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Thursday, July 11, 2013
A federal appeals court in Richmond rejected Liberty University's challenge to the Obamacare federal health care law Thursday, but it left a door open for the school to appeal its case to the U.S. Supreme Court.
Although it was the third time courts have ruled against its claim, LU isn't giving up, said Mat Staver of Liberty Counsel, which is handling the university's challenge of the law.
"The next step for us is the Supreme Court, and we could have a decision as early as June 2014," said Staver, who also is dean of LU's law school.
Thursday's 3-0 ruling from the 4th U.S. Circuit Court of Appeals rejected Liberty's argument that Obamacare violates the Constitution by forcing large employers to provide health insurance for full-time workers, while also forcing taxpayers and employers to subsidize abortions.
The appeals court panel said the law does not violate religious views on abortion because insurance plans are available that cover pregnancy terminations only in cases of rape, incest and threat to the mother's life.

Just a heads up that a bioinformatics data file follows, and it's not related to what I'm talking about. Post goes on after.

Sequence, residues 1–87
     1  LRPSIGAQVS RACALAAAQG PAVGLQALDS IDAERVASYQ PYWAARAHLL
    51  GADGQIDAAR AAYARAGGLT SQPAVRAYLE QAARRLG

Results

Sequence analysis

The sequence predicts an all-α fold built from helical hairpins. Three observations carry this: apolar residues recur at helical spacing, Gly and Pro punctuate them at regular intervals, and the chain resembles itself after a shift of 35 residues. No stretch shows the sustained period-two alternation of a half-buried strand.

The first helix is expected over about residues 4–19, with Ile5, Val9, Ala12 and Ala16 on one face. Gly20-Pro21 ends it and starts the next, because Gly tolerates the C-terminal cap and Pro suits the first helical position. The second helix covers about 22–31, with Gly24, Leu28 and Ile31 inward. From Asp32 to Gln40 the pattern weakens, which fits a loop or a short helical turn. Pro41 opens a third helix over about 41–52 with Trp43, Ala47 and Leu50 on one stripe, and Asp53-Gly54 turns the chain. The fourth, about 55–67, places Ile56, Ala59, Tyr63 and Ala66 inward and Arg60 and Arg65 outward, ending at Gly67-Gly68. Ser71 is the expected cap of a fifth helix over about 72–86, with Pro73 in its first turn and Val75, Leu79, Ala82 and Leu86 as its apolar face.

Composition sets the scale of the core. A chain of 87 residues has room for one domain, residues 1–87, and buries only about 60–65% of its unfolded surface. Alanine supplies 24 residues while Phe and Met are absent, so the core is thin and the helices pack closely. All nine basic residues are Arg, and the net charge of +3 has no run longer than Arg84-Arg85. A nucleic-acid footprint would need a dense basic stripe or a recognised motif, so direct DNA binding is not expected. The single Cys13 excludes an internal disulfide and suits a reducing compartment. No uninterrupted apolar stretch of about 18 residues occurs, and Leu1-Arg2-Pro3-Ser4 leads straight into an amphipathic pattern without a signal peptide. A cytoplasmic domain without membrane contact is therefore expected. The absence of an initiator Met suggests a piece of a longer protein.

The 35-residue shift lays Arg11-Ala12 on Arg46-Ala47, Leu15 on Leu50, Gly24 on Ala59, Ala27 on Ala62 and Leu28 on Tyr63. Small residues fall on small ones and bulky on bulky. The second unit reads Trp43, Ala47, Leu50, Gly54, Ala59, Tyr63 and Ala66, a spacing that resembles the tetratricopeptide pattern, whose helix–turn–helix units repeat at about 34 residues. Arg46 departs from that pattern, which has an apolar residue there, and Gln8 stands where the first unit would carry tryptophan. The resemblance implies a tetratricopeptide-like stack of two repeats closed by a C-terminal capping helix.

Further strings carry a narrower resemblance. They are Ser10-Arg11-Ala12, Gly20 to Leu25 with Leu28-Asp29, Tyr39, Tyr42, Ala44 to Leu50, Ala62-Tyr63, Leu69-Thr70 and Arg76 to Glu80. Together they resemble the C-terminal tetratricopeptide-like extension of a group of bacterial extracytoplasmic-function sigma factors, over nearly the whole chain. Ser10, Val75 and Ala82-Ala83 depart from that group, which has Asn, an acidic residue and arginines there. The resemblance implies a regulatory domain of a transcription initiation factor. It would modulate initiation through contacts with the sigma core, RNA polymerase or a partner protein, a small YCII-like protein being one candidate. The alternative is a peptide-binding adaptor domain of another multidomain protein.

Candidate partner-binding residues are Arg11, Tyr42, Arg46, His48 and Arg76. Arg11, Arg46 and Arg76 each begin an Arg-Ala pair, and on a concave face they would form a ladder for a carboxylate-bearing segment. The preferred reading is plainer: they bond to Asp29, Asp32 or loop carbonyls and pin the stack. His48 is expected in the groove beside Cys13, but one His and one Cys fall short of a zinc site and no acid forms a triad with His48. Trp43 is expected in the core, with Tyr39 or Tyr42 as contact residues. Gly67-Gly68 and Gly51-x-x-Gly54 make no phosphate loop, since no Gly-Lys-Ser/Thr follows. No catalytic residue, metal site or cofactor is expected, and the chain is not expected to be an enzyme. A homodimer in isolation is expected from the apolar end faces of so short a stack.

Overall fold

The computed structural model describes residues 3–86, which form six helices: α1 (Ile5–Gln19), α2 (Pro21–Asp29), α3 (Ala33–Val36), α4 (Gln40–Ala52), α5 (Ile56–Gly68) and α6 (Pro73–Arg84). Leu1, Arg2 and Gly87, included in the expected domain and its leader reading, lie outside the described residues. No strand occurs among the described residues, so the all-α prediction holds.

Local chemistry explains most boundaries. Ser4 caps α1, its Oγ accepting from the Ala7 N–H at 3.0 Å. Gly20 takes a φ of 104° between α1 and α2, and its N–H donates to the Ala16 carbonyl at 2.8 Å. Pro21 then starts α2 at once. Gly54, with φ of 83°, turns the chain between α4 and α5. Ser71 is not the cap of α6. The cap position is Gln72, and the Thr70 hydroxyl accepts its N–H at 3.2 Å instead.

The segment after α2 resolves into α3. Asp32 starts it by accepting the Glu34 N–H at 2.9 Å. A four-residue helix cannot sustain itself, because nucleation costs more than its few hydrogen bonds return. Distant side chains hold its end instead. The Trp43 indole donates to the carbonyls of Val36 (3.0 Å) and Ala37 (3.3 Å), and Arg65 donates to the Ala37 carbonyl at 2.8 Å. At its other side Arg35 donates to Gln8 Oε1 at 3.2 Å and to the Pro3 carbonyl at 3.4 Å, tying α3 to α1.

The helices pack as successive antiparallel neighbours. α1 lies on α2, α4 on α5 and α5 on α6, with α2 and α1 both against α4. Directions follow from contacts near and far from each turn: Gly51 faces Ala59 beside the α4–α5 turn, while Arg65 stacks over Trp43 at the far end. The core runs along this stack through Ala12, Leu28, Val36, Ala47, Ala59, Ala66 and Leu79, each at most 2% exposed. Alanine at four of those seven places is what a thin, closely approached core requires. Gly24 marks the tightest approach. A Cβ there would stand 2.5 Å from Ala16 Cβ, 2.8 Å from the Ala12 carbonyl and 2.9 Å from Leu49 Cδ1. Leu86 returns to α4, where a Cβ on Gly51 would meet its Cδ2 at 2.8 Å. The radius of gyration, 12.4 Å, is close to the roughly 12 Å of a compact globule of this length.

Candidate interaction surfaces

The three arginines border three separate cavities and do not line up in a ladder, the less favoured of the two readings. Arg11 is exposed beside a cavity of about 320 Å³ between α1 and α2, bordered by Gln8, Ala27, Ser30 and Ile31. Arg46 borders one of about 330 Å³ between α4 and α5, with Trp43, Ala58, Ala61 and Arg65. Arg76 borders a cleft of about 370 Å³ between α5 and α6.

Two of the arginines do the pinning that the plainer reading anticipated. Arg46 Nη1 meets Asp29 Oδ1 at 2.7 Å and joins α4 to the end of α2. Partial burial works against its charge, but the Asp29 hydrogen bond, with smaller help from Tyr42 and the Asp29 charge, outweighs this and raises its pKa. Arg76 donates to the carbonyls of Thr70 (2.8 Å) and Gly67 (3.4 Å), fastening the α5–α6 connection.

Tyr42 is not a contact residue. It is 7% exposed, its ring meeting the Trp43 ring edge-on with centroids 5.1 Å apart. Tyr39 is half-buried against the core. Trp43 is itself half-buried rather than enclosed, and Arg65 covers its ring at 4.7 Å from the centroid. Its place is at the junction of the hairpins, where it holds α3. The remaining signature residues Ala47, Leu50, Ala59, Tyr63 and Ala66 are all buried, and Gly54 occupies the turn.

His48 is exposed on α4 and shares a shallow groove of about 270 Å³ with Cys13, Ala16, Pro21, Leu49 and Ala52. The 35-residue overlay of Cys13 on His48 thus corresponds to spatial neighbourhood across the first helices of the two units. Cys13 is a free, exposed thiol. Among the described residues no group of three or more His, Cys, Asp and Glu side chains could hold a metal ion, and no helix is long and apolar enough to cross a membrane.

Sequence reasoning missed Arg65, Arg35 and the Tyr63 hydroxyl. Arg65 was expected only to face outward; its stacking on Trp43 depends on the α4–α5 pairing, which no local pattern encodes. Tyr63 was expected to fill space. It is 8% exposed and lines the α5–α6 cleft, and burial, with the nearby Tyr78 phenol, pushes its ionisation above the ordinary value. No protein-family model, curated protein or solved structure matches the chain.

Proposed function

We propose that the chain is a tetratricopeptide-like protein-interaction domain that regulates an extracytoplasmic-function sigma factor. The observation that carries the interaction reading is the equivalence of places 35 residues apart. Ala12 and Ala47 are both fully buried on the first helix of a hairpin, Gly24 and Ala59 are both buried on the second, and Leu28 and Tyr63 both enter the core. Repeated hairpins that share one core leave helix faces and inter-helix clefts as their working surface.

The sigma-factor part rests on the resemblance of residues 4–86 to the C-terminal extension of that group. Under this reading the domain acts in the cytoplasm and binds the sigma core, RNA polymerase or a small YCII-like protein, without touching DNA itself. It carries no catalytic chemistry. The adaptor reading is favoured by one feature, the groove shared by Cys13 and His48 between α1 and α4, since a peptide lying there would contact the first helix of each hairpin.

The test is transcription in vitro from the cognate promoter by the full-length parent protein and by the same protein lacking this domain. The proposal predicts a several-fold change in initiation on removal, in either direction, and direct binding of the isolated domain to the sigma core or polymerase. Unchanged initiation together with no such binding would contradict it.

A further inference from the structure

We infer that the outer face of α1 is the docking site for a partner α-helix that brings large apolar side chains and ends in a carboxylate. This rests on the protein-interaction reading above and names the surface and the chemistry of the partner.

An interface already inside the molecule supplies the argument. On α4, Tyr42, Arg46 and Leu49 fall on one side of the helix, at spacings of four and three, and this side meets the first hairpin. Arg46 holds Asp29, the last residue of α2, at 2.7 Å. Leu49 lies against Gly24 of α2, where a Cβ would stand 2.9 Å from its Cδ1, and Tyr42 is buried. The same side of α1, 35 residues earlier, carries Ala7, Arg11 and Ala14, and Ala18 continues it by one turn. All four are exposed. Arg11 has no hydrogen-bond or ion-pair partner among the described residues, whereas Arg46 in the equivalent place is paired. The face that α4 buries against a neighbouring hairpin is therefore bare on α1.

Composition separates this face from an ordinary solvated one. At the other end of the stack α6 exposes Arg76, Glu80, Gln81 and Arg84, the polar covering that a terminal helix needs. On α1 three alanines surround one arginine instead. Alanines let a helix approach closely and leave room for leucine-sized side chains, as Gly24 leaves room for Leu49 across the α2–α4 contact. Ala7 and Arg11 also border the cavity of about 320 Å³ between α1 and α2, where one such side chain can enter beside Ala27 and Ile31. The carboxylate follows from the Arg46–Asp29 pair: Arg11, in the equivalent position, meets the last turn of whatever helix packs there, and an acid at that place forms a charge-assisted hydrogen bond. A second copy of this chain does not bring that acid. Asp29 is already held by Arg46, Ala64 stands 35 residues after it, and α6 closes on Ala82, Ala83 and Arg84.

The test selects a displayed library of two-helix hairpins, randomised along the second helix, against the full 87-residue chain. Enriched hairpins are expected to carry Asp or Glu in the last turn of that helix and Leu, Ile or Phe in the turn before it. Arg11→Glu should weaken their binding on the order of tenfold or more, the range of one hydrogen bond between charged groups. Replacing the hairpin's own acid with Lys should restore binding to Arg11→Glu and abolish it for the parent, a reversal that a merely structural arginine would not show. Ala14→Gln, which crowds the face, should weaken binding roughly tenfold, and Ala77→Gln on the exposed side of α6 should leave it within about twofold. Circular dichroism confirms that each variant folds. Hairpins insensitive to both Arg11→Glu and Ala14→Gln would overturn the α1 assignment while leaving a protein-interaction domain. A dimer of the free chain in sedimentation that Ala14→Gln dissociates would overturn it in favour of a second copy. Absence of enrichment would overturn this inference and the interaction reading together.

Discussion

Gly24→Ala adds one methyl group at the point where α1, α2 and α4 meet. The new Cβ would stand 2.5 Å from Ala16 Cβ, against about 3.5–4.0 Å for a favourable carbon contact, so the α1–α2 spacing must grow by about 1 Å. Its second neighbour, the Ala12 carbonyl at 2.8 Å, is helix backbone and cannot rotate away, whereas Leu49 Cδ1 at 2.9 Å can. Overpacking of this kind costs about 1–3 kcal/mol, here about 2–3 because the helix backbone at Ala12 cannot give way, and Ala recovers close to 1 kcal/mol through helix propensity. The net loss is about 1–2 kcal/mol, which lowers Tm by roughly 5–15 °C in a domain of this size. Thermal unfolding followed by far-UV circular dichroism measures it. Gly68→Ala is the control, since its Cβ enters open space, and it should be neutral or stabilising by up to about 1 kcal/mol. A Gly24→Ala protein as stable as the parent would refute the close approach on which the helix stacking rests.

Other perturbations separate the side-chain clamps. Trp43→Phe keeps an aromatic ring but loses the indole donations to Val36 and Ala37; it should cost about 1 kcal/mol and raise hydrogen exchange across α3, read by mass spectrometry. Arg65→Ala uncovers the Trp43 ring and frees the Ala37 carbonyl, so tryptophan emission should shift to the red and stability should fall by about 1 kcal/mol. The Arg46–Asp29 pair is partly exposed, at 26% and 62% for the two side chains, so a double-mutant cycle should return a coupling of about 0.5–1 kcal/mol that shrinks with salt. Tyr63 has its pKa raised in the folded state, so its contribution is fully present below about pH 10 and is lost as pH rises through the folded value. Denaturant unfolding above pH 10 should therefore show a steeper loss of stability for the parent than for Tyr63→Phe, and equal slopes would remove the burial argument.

However, the court also ruled Congress was right when it required employers to provide coverage to full-time workers.
That part of the ruling offers a doorway to a Supreme Court appeal, because it confronts the actual merits of the case for the first time, Staver said.
"The last time, the court dodged the merits and this time they reached them, although they reached the wrong conclusion," he said.
LU's case is not affected by the White House decision last week to postpone the employer mandate for a year, until January 2015, Staver said.
The Obama administration was trying to nullify other pending legal challenges against the healthcare law, Staver said, but LU's case remains viable because it is the only one challenging the full scope of the employer mandate.
LU's religious objection will be argued as well, Staver said.
The mandate would require all businesses with more than 50 full-time workers to provide healthcare coverage or pay fines of $2,000 per employee.
Staver said for Liberty University, the fines ultimately could total $15,000 per day, per employee.
In 2011, the 4th Circuit dismissed Liberty's case, saying it lacked jurisdiction to sue.
The Supreme Court, in upholding most of the health care law last year, asked the 4th Circuit to revisit the LU case, and the Obama administration did not oppose the reconsideration.
The case is Liberty University Inc et al v. Lew et al, 4th U.S. Circuit Court of Appeals, No. 12-2347.
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